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Thumb Loop moves ahead; High-voltage line connects wind farms  

Credit:  Written by Bob Gross | Times Herald | Oct. 6, 2013 | www.thetimesherald.com ~~

Like soldiers standing rigidly to attention, a line of power poles marches through the corn and soybean fields of Greenwood, Kenockee and Wales townships.

Crews were busy the past week stringing conductors – wires – along transmission towers as part of Phase 2 construction of the $510 million Thumb Loop high-voltage transmission line project.

The project, said Gregory Ioanidis, will connect the wind farms of the Thumb with the electric transmission grid. Ioanidis is president of ITC Michigan, the company building the transmission line.

“If you were to draw the project on a map of Michigan you would see it circling the Thumb and around,” he said.

The first phase of the project, 62 miles of double circuit, 345,000-volt lines from a susbstation called Bauer near Vassar in Tuscola County to a second substation near Rapson, an unincorporated community in Huron County, is in service, Ioanidis said.

“We’re now on Phase 2, which is primarily in St. Clair County,” he said. “It goes from a station of ours called Greenwood. That segment is about 20 miles. All of our foundations are in, our poles are erected – we’re at the stage now where we’re starting to string conductors.”

The segment runs from Greenwood to a new substation being built at Fitz and Marlette roads in Wales Township.

“In Phase II they are going to see 86 towers on this 20-mile segment,” Ioanidis said. “Eighty of them are going to be steel monopoles and six the traditional lattice towers.”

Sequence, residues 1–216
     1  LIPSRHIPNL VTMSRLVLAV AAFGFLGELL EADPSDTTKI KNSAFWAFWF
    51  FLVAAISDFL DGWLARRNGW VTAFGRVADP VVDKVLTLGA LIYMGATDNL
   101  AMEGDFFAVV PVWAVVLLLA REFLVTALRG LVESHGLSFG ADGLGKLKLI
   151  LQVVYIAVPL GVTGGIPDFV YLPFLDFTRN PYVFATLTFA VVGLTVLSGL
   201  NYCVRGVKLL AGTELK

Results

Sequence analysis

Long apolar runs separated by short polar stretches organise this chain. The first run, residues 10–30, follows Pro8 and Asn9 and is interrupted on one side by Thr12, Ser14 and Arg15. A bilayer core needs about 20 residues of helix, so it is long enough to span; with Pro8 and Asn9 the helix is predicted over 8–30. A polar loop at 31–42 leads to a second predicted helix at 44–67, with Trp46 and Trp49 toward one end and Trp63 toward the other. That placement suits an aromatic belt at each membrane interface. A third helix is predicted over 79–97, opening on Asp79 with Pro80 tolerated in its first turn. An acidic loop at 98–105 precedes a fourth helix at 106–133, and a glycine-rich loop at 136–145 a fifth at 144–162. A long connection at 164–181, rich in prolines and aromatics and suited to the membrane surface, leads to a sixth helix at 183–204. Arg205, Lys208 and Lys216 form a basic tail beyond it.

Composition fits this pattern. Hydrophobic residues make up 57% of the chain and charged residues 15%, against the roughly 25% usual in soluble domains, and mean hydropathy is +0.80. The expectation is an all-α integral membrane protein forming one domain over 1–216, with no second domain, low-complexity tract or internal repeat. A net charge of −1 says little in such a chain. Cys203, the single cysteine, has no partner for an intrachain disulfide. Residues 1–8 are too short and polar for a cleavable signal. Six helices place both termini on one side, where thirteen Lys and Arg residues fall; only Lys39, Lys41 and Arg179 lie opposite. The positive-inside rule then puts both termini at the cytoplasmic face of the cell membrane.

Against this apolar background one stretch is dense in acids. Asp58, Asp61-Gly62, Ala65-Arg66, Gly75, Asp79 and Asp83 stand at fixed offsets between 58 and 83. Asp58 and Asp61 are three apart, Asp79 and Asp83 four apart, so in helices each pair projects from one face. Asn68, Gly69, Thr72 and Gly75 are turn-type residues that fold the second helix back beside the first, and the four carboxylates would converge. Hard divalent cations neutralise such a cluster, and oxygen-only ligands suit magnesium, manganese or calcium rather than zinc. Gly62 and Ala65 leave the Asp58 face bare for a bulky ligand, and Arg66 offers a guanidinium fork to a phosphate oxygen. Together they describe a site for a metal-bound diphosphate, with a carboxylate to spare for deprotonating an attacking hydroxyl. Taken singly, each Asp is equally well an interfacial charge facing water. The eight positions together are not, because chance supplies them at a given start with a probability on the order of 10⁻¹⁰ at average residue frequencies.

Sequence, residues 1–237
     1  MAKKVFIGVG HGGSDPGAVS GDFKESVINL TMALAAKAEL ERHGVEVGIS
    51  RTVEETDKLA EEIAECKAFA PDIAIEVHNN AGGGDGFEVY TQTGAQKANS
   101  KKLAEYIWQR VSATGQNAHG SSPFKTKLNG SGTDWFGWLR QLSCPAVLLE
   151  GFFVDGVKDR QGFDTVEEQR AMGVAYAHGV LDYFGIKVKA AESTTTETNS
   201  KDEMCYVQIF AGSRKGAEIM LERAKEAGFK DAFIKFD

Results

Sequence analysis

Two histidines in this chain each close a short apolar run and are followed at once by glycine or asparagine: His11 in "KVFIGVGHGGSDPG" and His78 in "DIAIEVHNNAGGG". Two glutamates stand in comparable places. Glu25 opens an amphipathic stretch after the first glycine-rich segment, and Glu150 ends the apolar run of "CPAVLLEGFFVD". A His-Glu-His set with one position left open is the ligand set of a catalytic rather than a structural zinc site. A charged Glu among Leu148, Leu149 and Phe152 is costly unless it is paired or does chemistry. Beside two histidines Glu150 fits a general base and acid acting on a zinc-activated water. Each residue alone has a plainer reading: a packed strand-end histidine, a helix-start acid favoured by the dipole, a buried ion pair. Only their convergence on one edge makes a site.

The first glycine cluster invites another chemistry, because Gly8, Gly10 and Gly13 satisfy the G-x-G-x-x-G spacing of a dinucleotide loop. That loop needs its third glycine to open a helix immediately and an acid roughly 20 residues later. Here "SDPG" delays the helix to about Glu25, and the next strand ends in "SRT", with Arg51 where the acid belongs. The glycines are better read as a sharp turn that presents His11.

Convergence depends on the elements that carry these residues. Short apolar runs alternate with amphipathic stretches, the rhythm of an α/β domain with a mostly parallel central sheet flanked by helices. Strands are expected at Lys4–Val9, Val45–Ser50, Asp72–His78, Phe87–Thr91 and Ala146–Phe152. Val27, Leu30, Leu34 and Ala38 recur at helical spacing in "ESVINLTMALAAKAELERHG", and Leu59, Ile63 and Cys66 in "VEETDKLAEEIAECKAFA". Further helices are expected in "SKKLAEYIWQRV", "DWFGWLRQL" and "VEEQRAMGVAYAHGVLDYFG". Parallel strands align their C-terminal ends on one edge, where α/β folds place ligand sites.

Ioanidis said the Clean, Renewable and Efficient Energy Act passed by the state Legislature in 2008 requires that some portion of a utility’s power generation be from renewable resources. The Thumb was identified as the region in the state with the greatest potential for power generation using wind turbines.

“What this project helps do is serve as a backbone for this entire Thumb region to interconnect these wind resources,” he said.

ITC, which operates and maintains more than 8,200 miles of high-voltage electric lines and 236 transmission stations in the Lower Peninsula, was tasked with creating a transmission plan that would accommodate a minimum of 2,300 megawatts and a maximum of 4,200 megawatts, Ioanidis said.

He said a very large nuclear power plant generates 1,100 megawatts. One megawatt is 1 million watts.

“A typical wind farm, when they erect all their turbines, some of the numbers we’re seeing are150 megawatts,” Ioanidis said.

He said ITC has about 733 megawatts connected to its system, with another 559 megawatts under construction.

“In addition to being able to integrate the wind systems, the project helps support transmission reliability in the Thumb,” Ioanidis said.

The project will have a third phase, beginning in the first quarter of 2014, from Rapson in Huron County through Sanilac County to Greenwood in St. Clair County, Ioanidis said.

The project is to be completed and in service by 2015.



• Total miles of wire: 3,640
• Number of steel monopoles: 786
• Number of steel lattice towers: 30
• Distance between poles: 800 to 1,100 feet
• Average number of poles per mile: 6
• Height of poles: 130 to 180 feet
Source: ITC Transmission

Source:  Written by Bob Gross | Times Herald | Oct. 6, 2013 | www.thetimesherald.com

This article is the work of the source indicated. Any opinions expressed in it are not necessarily those of National Wind Watch.

The copyright of this article resides with the author or publisher indicated. As part of its noncommercial effort to present the environmental, social, scientific, and economic issues of large-scale wind power development to a global audience seeking such information, National Wind Watch endeavors to observe “fair use” as provided for in section 107 of U.S. Copyright Law and similar “fair dealing” provisions of the copyright laws of other nations. Send requests to excerpt, general inquiries, and comments via e-mail.

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